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    It's the most horrifying thing that can happen to a pregnant woman: carrying your child to term only to deliver a stillborn. It's unimaginable. Though, as scary as it is to think about, it's a monstrous reality some women face. The day before her scheduled c-section, Deanna Slifka had no indication something was wrong. She felt her baby move. She thought everything was fine. But during delivery, the baby's heart inexplicably stopped and the doctors could not revive her. Needless to say, Slifka and her husband were wracked with grief. Though what they decided to do next may come as a shock to many.

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    According to a new study, as many as 25 percent of miscarriages may have been avoided, had moms-to-be gained a little more or a little less weight, exercised a little more or a little less, and/or hadn’t been over 30.

    Well OK then. Seriously, why do studies like this even exist? Scientists at the University of Copenhagen studied over 90,000 pregnancies over the course of several years and found that being pregnant while underweight or obese, drinking excessively, overworking your body, or just being old could significantly increase the risk of miscarriage.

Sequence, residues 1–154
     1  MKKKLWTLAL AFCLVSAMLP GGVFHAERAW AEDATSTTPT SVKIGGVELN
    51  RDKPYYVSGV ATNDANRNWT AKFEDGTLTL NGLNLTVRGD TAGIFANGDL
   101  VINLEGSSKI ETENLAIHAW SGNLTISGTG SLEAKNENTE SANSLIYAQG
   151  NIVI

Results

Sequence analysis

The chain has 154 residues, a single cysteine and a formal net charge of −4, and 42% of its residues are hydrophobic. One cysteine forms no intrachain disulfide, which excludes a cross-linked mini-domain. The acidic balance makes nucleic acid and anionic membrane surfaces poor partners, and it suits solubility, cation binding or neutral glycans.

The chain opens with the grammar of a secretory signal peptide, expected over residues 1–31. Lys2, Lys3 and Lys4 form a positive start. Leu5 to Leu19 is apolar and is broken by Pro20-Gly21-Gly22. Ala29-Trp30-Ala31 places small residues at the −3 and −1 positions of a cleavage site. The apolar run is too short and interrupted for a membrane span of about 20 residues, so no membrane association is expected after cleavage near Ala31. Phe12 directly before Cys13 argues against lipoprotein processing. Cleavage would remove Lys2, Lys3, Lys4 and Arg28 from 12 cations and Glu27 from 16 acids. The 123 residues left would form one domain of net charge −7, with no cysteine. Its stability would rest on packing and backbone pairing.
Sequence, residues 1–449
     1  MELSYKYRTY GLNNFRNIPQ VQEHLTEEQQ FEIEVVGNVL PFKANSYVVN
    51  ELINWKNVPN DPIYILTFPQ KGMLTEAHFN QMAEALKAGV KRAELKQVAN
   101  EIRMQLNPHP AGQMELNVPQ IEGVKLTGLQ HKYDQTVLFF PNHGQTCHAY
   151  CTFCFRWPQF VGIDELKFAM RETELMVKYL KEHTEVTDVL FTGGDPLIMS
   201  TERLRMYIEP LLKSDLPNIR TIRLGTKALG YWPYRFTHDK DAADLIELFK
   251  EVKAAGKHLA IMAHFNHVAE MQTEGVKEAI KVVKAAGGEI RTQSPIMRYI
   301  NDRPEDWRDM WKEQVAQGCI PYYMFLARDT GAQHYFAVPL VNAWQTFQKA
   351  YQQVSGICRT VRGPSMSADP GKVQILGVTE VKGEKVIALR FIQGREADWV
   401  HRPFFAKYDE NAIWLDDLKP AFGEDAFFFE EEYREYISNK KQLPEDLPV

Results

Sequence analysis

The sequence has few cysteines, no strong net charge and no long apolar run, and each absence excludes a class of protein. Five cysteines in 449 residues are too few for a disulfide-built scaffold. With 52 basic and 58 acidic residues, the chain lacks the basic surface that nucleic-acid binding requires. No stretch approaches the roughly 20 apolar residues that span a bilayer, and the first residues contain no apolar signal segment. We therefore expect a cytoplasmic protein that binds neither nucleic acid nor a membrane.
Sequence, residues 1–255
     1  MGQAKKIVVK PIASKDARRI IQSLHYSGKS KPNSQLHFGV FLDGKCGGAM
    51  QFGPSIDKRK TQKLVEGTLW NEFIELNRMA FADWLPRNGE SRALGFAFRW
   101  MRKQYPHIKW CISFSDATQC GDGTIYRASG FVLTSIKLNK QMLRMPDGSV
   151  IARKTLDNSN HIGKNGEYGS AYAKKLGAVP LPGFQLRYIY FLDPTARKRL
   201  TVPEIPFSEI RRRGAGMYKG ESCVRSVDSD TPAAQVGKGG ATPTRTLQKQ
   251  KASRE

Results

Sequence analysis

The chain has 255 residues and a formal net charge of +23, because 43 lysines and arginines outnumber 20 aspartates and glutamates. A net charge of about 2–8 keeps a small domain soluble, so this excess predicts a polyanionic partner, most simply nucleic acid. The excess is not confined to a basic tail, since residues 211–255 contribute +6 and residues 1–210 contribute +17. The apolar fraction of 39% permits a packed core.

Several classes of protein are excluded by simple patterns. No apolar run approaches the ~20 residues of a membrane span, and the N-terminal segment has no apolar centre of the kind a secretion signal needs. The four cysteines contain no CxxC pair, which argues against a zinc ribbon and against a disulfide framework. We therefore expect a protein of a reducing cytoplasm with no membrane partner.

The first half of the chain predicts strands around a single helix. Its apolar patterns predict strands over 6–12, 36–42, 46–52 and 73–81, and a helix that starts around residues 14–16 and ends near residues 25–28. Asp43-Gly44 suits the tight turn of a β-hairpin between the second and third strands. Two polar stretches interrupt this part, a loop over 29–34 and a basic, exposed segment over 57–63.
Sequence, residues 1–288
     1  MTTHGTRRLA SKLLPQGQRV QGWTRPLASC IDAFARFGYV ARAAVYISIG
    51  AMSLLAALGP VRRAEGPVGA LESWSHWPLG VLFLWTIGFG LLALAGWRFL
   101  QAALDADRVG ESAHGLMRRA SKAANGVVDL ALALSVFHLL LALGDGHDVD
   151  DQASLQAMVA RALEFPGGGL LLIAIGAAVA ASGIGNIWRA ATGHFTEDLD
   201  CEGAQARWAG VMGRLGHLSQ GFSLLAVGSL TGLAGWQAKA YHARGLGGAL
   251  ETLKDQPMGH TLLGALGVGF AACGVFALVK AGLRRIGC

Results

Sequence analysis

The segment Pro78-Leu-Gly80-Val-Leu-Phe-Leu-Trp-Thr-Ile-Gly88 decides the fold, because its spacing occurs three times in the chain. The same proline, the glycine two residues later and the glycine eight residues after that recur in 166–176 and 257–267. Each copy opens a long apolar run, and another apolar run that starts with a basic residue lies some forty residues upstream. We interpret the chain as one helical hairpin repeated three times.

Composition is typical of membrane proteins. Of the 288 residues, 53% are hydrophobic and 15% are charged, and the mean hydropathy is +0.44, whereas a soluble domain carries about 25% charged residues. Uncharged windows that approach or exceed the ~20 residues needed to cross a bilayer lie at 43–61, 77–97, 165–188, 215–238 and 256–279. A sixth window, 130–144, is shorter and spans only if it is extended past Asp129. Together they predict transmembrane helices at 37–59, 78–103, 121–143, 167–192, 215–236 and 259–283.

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    Is it safe to get vaccinated for the flu while you're pregnant? I'm starting to wonder the opposite -- is it safe not to get vaccinated while pregnant? A pregnant woman caught the flu and miscarried, and now she's fighting for her life. Leslie Creekmore was almost 20 weeks along when she and her husband, Chris, came down with the flu. She was hospitalized right away, but her condition worsened and she lost the baby within days. Her right lung collapsed this past weekend. Leslie chose to postpone getting a flu shot for the same reason countless other women have: She read that the shot could be harmful during the first trimester of pregnancy.

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    It's bad enough to miscarry one child, but imagine miscarrying 10 babies -- all in one night. A woman in India has apparently set some kind of tragic record by miscarrying 10 babies in one night. The woman, a 28-year-old who had conceived 10 babies after in vitro fertilization, lost them all at 12 weeks. And the sad thing is that some of the babies probably could have been saved.